Modest Control

The degree to which we feel we’re in control of a situation can influence the way we feel about that situation.

This is often true superficially, in the sense that it can be comforting to have our hands on the wheel compared to careening through unfamiliar terrain while in the passenger seat. But research has also shown that our sense of control can influence everything from our self-reported levels of happiness, to our degrees of depression, to our lifespans.

More control over our lives is positively correlated with a slew of beneficial physical and psychological outcomes.

Interestingly, this seems to be the case even when our perception of control is only perception: when our sense of control is all in our heads.

This has been on my mind quite a lot, recently, as the world is awash with unknowns, and such ambiguity can catalyze a sense of helplessness even in people who typically feel like they’re on firm footing.

I can’t change the fact that I have no idea what will happen next, how safe or unsafe my loved ones and I might be, and whether or not I’ll be economically secure in the future. There are too many variables at play, and though there are things I can do to improve my chances on a personal and local scale, nothing is certain, and the scope of the current batch of world-spanning problems put them beyond my practical dominion.

What I can control, though, is how I decide to respond to these uncertainties.

I can decide, for instance, that to the best of my ability, I will eat well, exercise, and maintain my psychological equilibrium.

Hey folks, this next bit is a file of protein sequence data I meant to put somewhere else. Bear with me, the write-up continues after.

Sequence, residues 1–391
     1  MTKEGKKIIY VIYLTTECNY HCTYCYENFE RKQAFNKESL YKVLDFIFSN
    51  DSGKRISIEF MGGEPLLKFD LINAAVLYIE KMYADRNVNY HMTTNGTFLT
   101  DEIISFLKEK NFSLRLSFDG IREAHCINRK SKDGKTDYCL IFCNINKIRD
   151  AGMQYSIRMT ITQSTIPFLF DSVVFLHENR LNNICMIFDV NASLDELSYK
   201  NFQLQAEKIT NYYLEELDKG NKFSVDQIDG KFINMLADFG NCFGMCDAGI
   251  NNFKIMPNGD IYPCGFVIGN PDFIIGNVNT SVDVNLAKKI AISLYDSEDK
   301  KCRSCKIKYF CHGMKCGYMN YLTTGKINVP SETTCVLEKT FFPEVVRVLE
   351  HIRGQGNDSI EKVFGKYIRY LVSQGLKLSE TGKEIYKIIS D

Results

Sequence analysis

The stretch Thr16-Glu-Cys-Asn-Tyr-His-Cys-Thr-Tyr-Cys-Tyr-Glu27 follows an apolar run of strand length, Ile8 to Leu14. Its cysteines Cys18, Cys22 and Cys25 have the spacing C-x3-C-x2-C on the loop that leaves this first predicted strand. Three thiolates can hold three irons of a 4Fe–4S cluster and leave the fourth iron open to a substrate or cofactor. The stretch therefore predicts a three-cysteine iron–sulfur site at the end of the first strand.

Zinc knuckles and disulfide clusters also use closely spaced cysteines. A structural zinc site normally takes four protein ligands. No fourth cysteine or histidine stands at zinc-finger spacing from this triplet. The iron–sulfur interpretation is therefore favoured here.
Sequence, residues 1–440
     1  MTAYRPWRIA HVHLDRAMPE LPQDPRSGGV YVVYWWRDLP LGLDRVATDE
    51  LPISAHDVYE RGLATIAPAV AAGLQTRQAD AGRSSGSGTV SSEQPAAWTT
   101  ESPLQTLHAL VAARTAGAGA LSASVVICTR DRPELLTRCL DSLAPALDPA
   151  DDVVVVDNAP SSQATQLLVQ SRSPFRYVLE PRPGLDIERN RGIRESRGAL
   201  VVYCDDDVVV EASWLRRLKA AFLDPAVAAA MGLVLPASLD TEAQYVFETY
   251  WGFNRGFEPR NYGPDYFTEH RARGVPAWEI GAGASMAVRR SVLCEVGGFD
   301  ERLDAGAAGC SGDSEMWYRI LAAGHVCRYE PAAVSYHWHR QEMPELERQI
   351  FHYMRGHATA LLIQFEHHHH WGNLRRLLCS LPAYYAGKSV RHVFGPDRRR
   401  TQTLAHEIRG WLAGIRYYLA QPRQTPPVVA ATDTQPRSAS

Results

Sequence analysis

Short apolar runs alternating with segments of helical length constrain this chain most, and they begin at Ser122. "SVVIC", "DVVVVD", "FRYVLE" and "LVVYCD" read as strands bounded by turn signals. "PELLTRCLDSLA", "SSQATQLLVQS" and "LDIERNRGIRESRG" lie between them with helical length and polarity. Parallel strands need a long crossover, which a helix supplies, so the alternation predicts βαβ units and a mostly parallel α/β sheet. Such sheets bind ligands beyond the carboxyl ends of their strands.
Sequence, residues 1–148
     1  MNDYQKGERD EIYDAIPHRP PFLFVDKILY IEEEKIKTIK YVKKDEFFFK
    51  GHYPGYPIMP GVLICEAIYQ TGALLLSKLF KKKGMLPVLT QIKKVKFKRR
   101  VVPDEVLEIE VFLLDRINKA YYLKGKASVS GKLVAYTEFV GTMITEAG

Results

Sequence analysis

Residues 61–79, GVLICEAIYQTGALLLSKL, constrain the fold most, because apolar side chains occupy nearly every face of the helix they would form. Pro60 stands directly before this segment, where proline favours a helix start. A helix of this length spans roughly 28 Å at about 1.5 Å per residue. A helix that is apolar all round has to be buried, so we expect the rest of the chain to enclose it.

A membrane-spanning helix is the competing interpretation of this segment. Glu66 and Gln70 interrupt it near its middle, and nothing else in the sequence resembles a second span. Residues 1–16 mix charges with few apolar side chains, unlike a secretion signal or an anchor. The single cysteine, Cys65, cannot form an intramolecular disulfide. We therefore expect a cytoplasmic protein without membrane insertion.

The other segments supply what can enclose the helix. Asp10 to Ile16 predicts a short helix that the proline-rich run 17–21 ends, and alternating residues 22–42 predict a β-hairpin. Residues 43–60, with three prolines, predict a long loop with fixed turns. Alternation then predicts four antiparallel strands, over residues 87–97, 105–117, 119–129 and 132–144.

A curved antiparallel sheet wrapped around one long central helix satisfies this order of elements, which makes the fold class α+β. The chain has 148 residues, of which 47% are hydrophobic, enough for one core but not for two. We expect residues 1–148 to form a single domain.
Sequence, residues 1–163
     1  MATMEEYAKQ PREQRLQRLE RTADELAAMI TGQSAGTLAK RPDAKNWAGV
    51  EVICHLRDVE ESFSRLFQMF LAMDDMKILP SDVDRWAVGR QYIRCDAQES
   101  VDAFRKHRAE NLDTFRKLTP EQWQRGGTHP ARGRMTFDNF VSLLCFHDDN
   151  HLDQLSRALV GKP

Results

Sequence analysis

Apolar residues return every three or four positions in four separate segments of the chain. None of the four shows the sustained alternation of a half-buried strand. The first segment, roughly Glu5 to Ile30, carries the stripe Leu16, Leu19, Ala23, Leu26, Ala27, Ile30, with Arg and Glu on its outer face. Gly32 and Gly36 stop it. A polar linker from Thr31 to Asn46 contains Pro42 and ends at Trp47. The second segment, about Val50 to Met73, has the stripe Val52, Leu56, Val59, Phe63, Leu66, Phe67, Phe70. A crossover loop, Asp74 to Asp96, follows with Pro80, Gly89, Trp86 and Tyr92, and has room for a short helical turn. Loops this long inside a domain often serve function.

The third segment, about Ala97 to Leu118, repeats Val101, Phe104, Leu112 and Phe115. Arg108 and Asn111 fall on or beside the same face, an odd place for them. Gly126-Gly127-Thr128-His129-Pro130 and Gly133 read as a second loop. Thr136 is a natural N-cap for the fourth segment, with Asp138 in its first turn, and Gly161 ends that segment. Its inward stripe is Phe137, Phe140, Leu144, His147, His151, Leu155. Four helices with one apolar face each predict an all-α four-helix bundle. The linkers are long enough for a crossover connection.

I can decide—again, to the best of my ability within a context at least partially shaped by forces outside my control—to use this time to grow and develop productive habits. At the barest minimum, I can attempt to avoid stifling my curiosity, succumbing to intellectual passivity, and developing negative habits.

Everyone’s ceilings and floors will be different in this regard, and for some, simply maintaining a neutral sense of okay-ness will be a heroic, impressive outcome, given their circumstances.

For others, learning new skills, building new relationships, dreaming new dreams may be both prudent and attainable, with focus and effort.

In both of these cases, and for all other points on the possibility spectrum, we can achieve a sense of control, even within a vortex of unknowns, by determining what powers we possess and focusing on how we will choose to wield them.

Simple, small things are enough. Modest control, intentionally applied.

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